Think About This When Heading Into the Backcountry
by Bob Dempsey, San Miguel County Coroner
Feb 05, 2010 | 756 views | 0 0 comments | 10 10 recommendations | email to a friend | print

Fortunately, last Tuesday's Bear Creek avalanche did not take any lives. I hope we never repeat 1987 to 1989 when we had six avalanche deaths, another in 1992 and sporadic ones since then. Unfortunately, we will see more if not all necessary precautions are taken.

The pain of asphyxiation from being buried in snow must be excruciating, so much so that one of our fatalities forced his breathing so hard that he hemorrhaged the surfaces of his lungs and heart. What causes this agony is not the lack of oxygen, but rather the build-up of carbon dioxide (CO2). As it increases, so does the pain and agony. On the other hand, a low-level build-up of CO2 cleverly keeps one breathing automatically, even while sleeping, or tells a newborn to take that first breath.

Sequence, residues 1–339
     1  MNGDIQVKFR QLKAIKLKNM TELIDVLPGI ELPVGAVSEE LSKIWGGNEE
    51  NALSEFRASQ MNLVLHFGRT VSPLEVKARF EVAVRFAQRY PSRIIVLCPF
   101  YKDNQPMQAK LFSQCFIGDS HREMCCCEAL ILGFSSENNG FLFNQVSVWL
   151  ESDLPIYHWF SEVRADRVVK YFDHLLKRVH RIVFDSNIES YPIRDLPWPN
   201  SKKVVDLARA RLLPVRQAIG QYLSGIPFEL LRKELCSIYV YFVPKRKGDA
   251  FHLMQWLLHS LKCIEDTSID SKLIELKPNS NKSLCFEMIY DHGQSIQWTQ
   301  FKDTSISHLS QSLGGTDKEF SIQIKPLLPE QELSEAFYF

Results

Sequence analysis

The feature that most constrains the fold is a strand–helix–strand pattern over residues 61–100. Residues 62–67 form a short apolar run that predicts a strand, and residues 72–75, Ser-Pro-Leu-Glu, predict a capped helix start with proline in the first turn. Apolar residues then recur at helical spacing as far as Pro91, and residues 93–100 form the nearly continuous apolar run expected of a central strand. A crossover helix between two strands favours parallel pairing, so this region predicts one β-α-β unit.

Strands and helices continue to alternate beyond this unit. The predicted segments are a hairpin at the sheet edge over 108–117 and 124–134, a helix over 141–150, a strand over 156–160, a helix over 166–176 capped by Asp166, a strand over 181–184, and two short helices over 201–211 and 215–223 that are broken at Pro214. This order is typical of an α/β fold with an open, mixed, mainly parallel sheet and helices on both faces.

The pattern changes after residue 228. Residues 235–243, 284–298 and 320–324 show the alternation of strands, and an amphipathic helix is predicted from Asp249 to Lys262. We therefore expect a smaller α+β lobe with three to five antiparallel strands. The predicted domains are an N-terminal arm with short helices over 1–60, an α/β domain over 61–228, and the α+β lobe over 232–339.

If one wants a painless death, you must fool the body. This can be done by breathing exhaust, or carbon monoxide, from a combustion engine, like an automobile or gas engine. When you breathe carbon monoxide, your body accepts it as oxygen, and you continue breathing, all the while exhaling CO2. No CO2, no pain. Thus, you die peacefully from the poison.

Conclusion: before taking unnecessary chances in the back county, think about the excruciating pain of asphyxiation and worse, how it will affect your mother when I call her.
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